Hidden Hazards in the Nursery

Lawmakers & Health Advocates Raise Concerns Over Toxic Flame Retardants Found in Baby Products

(January 19, 2012)

Michelle Noehren with her daughter Lillian Hauserman & Christa Allard and her daughter Nora Allard spoke out the use of toxic chemicals in children's products.

Issue to be Addressed In Legislative Session

See more photos here.

HARTFORD — State Representative Diana Urban (D-North Stonington) and State Senator Terry Gerratana (D-New Britain), the co-chairs of the Select Committee on Children, raised concerns at a State Capitol news conference over a recent report citing that many popular baby products contain toxic flame-retardants linked to cancer, hormone disruption and other health effects.

They were joined by members of the Coalition For A Safe and Healthy Connecticut, health care advocates, concerned parents and fellow lawmakers.

The issue is expected to be the subject of legislation when the legislature convenes next month with health advocates urging a state ban on toxic Tris flame retardants.

The report, “Hidden Hazards In the Nursery,” found toxic flame retardants in 85% (17 of 20) of new baby and children’s products tested, including bassinet pads, nursing pillows, changing pads, and car seats.

The most prevalent flame retardant found was chlorinated Tris (TDCPP), a chemical voluntarily removed from children’s pajamas in the 1970s when it was found to cause adverse health effects. Chlorinated Tris was present in 80% of the products (16 of 20). California recently classified chlorinated Tris as a carcinogen, and evidence links the chemical to neurotoxicity as well as hormone disruption.

“It is absolutely shocking that companies would choose to use a fire-retardant that was banned in children’s pajamas in the 70’s in baby products that are being used today,” Rep. Urban said. “Parents expect that when they buy a changing pad or a nursing pillow that it is safe to use. This report makes it abundantly clear that these fire retardants, and specifically Tris, are mutagenic, carcinogenic and hormone disruptors. We will be addressing this in the upcoming session and I look forward to working with the Coalition for a Safe and Healthy Connecticut members to keep Connecticut kids safe and healthy.”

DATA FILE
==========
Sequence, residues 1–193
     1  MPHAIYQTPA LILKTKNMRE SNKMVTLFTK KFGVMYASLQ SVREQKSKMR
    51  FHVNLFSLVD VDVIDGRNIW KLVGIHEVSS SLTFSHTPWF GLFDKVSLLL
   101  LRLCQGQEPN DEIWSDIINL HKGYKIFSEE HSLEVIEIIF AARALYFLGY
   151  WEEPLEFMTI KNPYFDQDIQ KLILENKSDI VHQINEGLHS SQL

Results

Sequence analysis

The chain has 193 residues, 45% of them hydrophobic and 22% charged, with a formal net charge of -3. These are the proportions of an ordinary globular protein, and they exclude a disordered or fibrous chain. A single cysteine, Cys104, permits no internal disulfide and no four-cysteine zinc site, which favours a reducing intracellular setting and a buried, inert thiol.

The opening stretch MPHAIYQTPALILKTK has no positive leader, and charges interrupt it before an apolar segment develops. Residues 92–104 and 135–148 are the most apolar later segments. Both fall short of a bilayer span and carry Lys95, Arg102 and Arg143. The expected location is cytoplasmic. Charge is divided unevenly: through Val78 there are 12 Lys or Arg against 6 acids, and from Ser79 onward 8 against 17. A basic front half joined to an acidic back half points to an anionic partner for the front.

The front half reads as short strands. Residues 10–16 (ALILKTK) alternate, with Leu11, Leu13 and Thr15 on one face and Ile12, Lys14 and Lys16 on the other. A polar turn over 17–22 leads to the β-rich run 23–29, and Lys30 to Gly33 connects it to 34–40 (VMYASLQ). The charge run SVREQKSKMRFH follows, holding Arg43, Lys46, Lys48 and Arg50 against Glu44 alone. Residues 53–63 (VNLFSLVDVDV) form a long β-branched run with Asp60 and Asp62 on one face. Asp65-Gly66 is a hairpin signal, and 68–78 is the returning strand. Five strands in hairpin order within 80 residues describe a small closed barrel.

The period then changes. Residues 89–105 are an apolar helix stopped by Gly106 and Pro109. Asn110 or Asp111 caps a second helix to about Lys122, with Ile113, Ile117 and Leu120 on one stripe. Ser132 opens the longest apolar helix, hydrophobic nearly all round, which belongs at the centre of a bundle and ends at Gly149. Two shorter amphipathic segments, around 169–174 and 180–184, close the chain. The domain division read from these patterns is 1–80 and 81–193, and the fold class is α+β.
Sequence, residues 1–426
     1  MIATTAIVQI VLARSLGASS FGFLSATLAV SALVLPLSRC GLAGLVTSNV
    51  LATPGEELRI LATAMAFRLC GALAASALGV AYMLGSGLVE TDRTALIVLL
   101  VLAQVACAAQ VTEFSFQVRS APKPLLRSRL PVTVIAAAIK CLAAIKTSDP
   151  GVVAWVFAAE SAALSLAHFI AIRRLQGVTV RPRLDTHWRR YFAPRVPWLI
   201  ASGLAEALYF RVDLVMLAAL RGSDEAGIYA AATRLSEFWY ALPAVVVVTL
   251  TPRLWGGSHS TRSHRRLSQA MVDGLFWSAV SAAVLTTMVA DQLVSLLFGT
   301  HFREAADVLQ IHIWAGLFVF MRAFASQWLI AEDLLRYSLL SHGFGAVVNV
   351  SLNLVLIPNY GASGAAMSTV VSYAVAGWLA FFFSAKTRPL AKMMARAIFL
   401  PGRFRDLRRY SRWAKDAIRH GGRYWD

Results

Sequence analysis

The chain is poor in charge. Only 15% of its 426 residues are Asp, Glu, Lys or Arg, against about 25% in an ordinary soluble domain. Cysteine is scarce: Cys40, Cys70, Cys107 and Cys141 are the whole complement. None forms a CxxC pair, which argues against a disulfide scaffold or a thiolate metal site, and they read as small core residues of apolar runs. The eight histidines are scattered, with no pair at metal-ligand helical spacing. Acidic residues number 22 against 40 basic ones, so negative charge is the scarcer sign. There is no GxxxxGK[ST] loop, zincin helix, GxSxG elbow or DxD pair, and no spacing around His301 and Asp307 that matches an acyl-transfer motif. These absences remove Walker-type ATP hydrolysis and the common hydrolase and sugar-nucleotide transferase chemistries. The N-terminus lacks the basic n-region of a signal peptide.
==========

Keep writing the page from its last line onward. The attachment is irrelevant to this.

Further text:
“Parents expect that any products they buy – especially for their children – should be safe. That’s common sense,” said Sen. Gerratana. “The fact that these products are still sold just about everywhere is surprising and alarming. As legislators, I believe it is very appropriate that we take steps to ban these carcinogens, especially among our most vulnerable population: children.”

“As busy working moms, how are we supposed to find the time to research every single product we give our children?” said Michelle Noehren, Events and Special Projects Manager for the Permanent Commission for the Status of Women. “The answer is: we can’t and the reality is, moms assume the products they buy are safe for their children. We rely on the government to keep us safe and somewhere along the line there’s been a clear failure. Toxic chemicals have no place in our products.”

“The widespread use of chlorinated TRIS, a known carcinogen, in children’s products is one more shocking reason why states need to take action to protect the health of our most vulnerable citizens,” said Anne Hulick,Coalition for a Safe and Healthy Connecticut Coordinator. “The Coalition for a Safe and Healthy Connecticut applauds Representative Urban, Senator Gerratana and the Select Committee on Children for raising awareness of this issue. We look forward to working with members of the legislature in leading efforts to reduce exposure to harmful chemicals.”